A week or so before I return to Haiti I send a ‘Mule to Haiti’ email to my connections asking what they want me to bring down. I am allowed one 50 pound bag in coach, a second costs forty dollars. I usually fill two hockey bags with requested supplies and carry-on my personal items. After this trip I may reconsider that advertisement.
I am flying down with two electricians, John Picard and Greg Smith; they came to BLB to wire the first floor and are returning to wire the second floor before we pour the concrete roof. Len got us an upgrade to first class which means wider seats and fresh juice, but more importantly we are allowed three checked bags each at seventy pounds a piece.
The Thursday before our flight we all meet at Granite City Electric in Quincy, who is donating all the fixtures and fittings for the orphanage. I bring a collection of hockey bags and the items I have acquired thus far for the trip. Everything packs into seven bags; the heaviest one weighs in at 66 pounds. This should be a breeze.
The next day Greg emails me that he has another bag of goods and Renee tells me to expect a keyboard MoHI would really like to have for an upcoming conference. That tallies us to nine pieces; all good. On Sunday the keyboard is delivered to my house, along with piles of work gloves, C-clamps, medical supplies and two cartons of cleft palate nursers. The keyboard, swaddled in bubble wrap, is too large to meet unified dimension requirements, so I repackage it in corrugated, custom cut for a snug fit, and stick the rest of the items wherever.
We convene at Logan at 4:00 am for our 5:30 flight. John arrives first and checks his three bags. Greg and I wind up with seven bags between us, we quick shuffle reduce to six and take them to the sky cap. Someone’s scale is off; our biggest bags now weigh over eighty pounds. We open the bags along the curb and start to sort when the sky cap informs us that American Airlines does not accept cardboard packages to Haiti; the keyboard cannot go. We shoehorn it in the largest duffle, which leaves all sorts of paraphernalia on the pavement. I have never been so thankful for four in the morning; at any other hour our shenanigans would bring the State Troopers down on our pandemonium.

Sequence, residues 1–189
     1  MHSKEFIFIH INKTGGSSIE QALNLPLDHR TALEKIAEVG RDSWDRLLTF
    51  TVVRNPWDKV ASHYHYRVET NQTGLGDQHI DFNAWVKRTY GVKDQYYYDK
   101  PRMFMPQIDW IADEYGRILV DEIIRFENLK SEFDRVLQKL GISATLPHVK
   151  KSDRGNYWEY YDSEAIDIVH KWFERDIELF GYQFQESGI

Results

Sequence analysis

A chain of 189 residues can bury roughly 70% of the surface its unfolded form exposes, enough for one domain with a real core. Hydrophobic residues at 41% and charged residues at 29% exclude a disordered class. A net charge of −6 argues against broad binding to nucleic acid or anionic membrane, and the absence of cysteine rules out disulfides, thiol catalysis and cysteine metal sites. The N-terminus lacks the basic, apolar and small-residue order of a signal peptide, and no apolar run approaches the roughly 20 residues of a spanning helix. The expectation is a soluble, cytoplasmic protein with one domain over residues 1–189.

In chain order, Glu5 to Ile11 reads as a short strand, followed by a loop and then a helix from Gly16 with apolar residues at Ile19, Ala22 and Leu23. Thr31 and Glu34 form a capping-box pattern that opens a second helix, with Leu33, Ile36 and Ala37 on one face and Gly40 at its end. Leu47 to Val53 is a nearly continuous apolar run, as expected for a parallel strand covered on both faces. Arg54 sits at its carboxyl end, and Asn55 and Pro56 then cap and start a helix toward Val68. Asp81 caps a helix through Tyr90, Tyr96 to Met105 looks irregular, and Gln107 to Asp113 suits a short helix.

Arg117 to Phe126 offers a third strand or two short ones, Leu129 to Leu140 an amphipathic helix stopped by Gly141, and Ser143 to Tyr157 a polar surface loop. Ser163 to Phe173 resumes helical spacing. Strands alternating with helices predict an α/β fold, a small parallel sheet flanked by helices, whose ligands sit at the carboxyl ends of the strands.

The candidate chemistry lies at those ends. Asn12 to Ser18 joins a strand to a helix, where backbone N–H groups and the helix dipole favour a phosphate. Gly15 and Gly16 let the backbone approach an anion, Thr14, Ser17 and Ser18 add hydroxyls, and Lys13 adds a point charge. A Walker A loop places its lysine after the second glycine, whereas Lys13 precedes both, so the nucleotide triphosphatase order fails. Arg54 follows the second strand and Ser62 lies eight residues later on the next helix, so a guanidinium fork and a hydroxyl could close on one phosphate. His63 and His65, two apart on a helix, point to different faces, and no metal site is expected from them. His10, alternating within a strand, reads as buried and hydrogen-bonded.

The sky cap is no longer an innocent bystander, he asks us where we are going and why, he suggests improved packing techniques. We play our Haiti card and tell him we are building an orphanage. He believes us; we are far too disorganized to terrorize anyone. He tells us to toss everything in a bag, checks a huge coil of wire that won’t fit anywhere, doesn’t bother to weigh anything and hands us a sheath of baggage claims. John palms the guy a twenty, which is money well spent.
These are the things we carried:
Forty eight Granite City T-shirts
Thirty pairs of Granite City sandals
Eight pairs of safety glasses
Six rolls of blue wiring tubing
Six bags of construction gloves
Four cartons of light switches and receptacles
Four heavy C-clamps
Three rolls of undersurface drainage filter fabric
Two cartons of masonry anchors
Two cartons of cleft palate nipples
Two cartons of blue tube fittings
Two rolls of insulated tubing for solar panel connections
One new computer for Gama
One carton of personal items for Angela
Until this trip I have had great luck breezing past customs in Port au Prince, but as we load our ten items on three carts at baggage claim, I know my luck is over. Each of us gets called by customs officials who rifle through every bag. The Oreos in Angela’s personal box receive the most attention. I consider for a moment handing them over in exchange for safe passage, but in the end we strike a deal – $110 for the whole lot. If there is any science to determining that sum, it gets lost in translation.